I have been following a program to build strength for the past 3 weeks with interesting results. I have increased my poundages with 10 kilograms on all the major compound moves – the overhead press, deadlift, squat and the bench press. The thing I love the most of this program, called 5/3/1, is that it has built in progression. Created by Jim Wendler, a former football player and weightlifter, the program is based on using 90% of your maximum poundages you can lift on your compound exercises. Let’s assume you have calculated your estimated one rep max for the squat to be 150kg. Your training max would therefore be 90% of this: 150kg x 0.9 = 135kg.
Now do the following percentages from the 135kg:
- Week 1: Do 65% x 5 reps, 75% x 5 reps and 85% x 5 reps or more.
- Week 2: Do 70% x 3 reps, 80% x 3 reps and 90% x 3 or more reps.
- Week 3: Do 75% x 5 reps, 85% x 3 reps and 95% x 1 or more reps.
- Week 4: Do 40% x 5 reps, 50% x 5 reps and 60% x 5 reps. (This is a deload week).
For the first week, you work up to 3×5 on the squat, the second week you work up to 3×3, for the third you work up to 5/3/1reps. When you stall, you drop your maxes by 10% and start the cycle all over again. If you had a 100kg bench press at the beginning and you worked up to 110kg before your plateau you calculate 90% from the current max 110kg and start there.
Wendler knows a thing or two about training – he once squatted 1000 pounds (about 453kg) in competition. Google it – you’ll see. His simplistic yet effective system made a huge difference in how I approach my bench press, squat, overhead press and deadlift moves. I liked Wendler’s no-nonsense approach and while doing his program I discovered that I still had that drive, passion and fire to become stronger. Passion for me is what makes the world go around and no man should be without it.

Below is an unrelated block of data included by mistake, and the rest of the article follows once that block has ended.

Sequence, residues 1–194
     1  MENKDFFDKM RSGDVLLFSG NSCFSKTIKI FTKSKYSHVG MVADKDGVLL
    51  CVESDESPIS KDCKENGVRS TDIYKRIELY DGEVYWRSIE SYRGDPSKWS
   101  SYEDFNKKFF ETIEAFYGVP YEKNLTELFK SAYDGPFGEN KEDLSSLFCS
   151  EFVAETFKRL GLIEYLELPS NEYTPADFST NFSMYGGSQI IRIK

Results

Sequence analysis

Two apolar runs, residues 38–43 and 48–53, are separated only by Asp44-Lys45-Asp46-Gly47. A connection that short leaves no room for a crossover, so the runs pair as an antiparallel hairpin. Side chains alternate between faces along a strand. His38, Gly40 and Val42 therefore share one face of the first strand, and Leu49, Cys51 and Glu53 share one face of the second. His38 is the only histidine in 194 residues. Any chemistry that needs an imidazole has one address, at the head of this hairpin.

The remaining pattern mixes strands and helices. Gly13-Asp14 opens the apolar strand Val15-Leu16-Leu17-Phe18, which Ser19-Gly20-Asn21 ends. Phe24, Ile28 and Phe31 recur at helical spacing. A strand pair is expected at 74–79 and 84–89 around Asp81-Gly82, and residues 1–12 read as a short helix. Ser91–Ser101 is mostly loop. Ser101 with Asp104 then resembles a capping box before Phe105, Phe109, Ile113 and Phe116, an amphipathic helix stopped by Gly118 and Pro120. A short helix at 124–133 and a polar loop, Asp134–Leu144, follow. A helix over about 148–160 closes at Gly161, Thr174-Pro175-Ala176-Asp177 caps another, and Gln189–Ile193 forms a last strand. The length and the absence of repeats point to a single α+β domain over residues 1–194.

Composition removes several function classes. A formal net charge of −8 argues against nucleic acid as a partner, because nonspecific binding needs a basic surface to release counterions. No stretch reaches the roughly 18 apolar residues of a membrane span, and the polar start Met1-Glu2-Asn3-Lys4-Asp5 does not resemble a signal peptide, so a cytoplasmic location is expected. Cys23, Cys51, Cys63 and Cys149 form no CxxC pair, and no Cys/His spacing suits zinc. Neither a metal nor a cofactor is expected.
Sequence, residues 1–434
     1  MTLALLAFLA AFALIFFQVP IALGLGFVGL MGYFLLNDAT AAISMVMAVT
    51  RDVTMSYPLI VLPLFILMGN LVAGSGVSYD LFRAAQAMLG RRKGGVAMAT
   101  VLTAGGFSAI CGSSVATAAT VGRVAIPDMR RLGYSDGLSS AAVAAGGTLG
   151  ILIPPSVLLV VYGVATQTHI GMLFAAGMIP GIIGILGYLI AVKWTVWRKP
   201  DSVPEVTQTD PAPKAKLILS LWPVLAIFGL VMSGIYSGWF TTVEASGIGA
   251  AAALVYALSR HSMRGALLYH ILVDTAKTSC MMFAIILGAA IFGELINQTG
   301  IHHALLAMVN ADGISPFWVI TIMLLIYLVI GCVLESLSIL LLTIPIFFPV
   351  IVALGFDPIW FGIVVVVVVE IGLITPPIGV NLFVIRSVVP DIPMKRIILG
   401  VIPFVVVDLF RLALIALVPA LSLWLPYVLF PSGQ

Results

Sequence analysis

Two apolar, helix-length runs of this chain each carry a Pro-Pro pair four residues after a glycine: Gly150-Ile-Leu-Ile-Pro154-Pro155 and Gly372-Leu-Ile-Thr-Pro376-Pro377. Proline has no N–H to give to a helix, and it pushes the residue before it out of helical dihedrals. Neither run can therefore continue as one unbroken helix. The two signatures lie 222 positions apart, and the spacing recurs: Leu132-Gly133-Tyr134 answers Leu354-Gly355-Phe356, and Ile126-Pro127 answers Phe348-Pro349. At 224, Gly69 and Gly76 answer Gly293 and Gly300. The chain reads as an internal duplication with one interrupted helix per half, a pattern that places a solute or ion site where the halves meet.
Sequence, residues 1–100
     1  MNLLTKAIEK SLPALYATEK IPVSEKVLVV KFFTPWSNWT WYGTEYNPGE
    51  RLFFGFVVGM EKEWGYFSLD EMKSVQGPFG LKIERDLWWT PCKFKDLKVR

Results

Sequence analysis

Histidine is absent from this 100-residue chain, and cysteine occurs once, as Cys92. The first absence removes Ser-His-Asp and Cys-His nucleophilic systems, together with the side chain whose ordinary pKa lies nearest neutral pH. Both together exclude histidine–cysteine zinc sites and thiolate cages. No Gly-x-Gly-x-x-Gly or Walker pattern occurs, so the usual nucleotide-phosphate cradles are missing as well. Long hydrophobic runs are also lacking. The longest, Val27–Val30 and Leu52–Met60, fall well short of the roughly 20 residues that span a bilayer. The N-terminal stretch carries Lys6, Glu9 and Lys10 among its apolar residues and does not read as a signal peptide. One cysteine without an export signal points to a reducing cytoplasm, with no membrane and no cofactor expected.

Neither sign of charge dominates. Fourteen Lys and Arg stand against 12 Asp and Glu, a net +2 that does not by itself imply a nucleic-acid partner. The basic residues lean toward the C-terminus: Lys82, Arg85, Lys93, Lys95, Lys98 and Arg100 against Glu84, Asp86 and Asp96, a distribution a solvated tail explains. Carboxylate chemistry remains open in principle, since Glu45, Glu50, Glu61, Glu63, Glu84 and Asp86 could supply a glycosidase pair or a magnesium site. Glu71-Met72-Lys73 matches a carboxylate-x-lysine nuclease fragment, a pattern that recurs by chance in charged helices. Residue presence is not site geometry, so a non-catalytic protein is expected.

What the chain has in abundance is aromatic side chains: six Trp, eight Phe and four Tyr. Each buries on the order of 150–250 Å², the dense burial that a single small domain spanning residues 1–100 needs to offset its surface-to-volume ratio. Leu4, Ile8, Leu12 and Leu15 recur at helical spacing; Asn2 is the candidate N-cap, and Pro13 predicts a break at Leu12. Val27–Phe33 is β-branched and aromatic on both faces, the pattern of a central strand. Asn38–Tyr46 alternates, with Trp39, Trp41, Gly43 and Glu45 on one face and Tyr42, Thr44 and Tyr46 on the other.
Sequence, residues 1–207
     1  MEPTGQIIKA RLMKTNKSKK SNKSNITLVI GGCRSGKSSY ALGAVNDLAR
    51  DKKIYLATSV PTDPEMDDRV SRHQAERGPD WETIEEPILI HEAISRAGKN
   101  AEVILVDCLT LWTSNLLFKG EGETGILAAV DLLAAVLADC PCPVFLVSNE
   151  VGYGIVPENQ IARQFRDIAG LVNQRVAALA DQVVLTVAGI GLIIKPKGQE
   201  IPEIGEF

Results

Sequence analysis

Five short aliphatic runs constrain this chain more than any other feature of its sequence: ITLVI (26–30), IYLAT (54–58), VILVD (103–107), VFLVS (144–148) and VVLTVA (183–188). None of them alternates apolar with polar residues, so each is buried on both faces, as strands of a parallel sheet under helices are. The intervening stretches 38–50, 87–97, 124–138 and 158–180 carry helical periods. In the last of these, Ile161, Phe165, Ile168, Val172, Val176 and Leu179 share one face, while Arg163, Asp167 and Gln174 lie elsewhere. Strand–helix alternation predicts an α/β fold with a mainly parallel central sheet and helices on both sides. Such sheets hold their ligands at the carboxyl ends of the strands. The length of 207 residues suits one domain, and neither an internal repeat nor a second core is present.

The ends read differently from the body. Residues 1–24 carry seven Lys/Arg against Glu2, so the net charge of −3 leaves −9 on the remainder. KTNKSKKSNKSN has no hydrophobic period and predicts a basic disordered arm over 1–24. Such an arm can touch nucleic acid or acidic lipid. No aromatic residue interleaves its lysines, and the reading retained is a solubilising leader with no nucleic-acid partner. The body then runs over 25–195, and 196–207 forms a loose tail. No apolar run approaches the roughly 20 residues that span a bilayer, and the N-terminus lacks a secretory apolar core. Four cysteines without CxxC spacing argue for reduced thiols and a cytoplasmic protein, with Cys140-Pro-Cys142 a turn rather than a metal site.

Wendler calls his program the simplest and most effective training system for raw strength and that it most certainly is – my total average increase in weight in all the moves was 8.75% in 3 weeks.
With 5/3/1 I walked into the gym feeling motivated to succeed – it never turned into something boring and repetitive.
If we talk programs it is my belief that you should do whatever motivates you and keeps you motivated to continue with your training.
Apart from the compounds I did pull-ups, ab wheel rollouts, dips and curls for accessory work.
Jim’s 5/3/1 has obviously been tremendously successful for weightlifting. It showed me how to develop mental and physical strength – qualities I think many of us seek from the iron. Give 5/3/1 a shot if your goal is to make unbelievable strength gains in a short period of time or keep it in the back of your mind to try later when your current plan is no longer helping you to get stronger.